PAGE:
Give Back

Source: The Hitavada      Date: 12 Nov 2017 11:09:19


 

 

As the President suggested, even if not for good, the IIT pass outs who have found the grass greener abroad can certainly come here in short jaunts and spend some time sharing the best of their experiences with the students here.


It can be called India’s misfortune that though she produces some of the best brains of the world, she fails to retain them most of the time. Most of the brilliant students who are pioneers and trailblazers in their fields leave the country and flourish in the West. The problem of brain drain is an old issue that still haunts India.

STATING that it was a ‘moral obligation’ for them, President Ram Nath Kovind recently said the Indian Institute of Technology (IIT) alumni should give back to the institute and ‘come back and teach’ at IIT — either for a short or long duration. Kovind was the chief guest at the 48th convocation of IIT-Delhi, which saw 1,941 students receiving their degrees.


Speaking at the convocation, Kovind said, “Many of those who studied here in the past were fortunate to have their world-class education heavily subsidised by the taxpayer. There is a moral obligation to pay back and to help those less privileged — in whichever manner the individual prefers. It would be best if this process of paying back enriches education and scholarship at the grassroots of our society.” Four alumni — Lt Governor of Puducherry Kiran Bedi, MD and CEO of Vodafone India Sunil Sood, Prof Soumitra Dutta from Cornell University and Founder of Mission Holdings Saurabh Mittal — were given the Distinguished Alumni Award.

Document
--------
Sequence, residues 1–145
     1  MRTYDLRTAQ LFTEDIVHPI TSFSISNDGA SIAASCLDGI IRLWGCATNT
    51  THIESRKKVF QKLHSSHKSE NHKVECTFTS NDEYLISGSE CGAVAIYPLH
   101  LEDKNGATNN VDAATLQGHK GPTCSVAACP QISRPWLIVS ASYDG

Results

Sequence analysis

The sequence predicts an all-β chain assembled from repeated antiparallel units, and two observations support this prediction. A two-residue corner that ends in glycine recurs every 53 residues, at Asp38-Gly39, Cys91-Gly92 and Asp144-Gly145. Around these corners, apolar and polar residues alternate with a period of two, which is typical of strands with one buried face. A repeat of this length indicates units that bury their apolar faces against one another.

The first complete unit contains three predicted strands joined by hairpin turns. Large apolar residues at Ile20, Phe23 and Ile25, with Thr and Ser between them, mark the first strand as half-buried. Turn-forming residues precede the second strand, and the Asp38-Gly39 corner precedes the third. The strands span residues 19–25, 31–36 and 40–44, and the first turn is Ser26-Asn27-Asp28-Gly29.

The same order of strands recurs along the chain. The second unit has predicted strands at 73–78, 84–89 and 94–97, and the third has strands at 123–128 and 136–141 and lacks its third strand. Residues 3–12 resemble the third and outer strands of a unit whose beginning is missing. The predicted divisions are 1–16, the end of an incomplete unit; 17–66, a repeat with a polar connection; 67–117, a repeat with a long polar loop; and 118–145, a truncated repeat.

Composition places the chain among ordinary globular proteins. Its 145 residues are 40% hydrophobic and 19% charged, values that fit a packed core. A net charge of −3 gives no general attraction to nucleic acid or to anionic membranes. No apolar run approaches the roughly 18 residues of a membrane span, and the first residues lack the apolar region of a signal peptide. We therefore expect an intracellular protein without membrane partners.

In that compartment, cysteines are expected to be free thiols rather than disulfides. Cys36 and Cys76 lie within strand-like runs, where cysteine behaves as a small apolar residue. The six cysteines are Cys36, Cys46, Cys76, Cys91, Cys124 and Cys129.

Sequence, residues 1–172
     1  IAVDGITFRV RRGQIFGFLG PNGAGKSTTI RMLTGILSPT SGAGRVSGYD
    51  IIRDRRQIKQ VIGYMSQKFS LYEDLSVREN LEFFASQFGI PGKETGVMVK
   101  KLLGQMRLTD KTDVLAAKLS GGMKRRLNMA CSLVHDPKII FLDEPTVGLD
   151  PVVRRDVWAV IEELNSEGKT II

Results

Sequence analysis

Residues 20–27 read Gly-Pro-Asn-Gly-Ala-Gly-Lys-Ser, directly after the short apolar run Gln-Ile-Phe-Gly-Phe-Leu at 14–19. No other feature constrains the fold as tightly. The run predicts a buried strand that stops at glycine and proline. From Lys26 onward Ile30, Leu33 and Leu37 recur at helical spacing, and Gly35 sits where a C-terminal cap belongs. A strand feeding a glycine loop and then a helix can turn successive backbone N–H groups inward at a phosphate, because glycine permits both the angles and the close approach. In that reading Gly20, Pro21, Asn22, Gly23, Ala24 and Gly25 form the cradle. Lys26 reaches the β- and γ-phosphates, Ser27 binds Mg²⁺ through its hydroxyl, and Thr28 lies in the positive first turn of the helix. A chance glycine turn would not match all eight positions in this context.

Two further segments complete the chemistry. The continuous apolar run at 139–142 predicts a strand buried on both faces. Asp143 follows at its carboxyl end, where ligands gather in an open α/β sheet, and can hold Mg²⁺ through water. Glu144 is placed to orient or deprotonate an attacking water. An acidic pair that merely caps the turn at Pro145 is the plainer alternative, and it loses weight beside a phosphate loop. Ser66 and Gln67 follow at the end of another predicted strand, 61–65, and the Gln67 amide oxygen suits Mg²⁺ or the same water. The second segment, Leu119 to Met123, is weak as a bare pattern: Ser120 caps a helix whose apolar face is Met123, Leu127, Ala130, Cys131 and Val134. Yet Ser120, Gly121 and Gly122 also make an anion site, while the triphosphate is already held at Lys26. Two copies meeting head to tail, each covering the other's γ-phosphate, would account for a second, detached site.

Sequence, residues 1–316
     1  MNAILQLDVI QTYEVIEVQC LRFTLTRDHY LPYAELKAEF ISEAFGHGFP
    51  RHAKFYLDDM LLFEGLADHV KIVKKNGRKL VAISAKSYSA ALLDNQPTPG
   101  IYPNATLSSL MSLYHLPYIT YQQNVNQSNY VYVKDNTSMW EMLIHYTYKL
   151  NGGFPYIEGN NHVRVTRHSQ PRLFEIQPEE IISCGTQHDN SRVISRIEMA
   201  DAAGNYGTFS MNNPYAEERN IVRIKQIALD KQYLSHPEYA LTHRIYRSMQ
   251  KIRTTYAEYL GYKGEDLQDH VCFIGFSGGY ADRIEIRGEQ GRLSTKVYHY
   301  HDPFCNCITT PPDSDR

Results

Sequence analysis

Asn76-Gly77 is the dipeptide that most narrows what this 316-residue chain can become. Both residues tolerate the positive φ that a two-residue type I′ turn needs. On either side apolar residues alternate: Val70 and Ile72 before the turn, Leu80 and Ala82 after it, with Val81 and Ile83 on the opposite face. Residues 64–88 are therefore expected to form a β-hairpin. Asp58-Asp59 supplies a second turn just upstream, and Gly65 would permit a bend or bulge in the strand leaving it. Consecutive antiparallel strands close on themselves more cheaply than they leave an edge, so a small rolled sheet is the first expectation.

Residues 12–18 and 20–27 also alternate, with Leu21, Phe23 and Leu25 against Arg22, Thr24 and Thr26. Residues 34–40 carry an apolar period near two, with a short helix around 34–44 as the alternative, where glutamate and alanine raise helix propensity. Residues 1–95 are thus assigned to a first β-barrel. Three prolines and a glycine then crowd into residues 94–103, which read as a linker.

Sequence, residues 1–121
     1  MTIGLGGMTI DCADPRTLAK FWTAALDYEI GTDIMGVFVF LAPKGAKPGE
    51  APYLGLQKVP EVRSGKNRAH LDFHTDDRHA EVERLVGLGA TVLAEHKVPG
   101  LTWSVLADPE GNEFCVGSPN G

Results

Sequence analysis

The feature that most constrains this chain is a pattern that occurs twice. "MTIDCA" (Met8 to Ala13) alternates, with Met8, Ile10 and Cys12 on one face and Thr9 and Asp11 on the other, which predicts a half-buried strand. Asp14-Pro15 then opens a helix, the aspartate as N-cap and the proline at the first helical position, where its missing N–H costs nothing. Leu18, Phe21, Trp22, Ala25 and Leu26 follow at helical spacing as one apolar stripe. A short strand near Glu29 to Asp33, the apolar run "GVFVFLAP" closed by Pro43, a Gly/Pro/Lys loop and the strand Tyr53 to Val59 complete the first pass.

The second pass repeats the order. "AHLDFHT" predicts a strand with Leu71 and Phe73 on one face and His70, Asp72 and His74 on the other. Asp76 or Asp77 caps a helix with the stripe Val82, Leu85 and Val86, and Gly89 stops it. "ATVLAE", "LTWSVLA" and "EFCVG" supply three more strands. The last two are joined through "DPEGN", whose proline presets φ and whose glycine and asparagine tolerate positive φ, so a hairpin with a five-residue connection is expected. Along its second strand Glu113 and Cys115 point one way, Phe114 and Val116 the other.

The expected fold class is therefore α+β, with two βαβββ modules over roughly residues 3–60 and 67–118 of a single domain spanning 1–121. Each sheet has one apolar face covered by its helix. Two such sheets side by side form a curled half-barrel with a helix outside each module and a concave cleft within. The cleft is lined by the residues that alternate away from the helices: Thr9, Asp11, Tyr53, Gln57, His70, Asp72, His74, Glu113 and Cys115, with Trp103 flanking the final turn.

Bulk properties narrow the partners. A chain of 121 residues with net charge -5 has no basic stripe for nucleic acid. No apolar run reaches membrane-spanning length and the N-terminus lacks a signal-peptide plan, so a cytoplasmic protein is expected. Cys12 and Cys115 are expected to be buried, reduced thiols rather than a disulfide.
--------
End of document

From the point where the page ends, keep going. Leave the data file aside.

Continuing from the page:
Kovind said the IIT system in general — and IIT-Delhi specifically — was the ‘gold standard of technical education in our country’ and the ‘brand ambassadors of India’s intellectual and technological strength across the globe, from Singapore to Silicon Valley.’


It can be called India’s misfortune that though she produces some of the best brains of the world, she fails to retain them most of the time. Most of the brilliant students who are pioneers and trailblazers in their fields leave the country and flourish in the West. The problem of brain drain is an old issue that still haunts India.


Though the trend has seen some decline in recent years with growing opportunities being available in the country for young talents, we still keep on losing some of our best technocrats and intellectuals to the West. They mostly work there, settle there, flourish there and win accolades there.


Is there some lack of our professional and social ecosystem that does not promote, nurture and sustain talents the way the western countries do? Today the top institutes, universities and laboratories of the world are peopled with umpteen numbers of Indian scientists and research scholars.


Why can’t they stay back in India and contribute directly to the benefit of Indian society? India needs them. We need greater technological intervention and innovation in farming and social engineering to better the standards of our people. The West largely reaps the immediate benefits which our talents go and facilitate them with by working for them.


Yes, there are problems in India no doubt. The West may provide the young talents with a better quality of life than what they would get here in India. They may be better paid and have greater social security.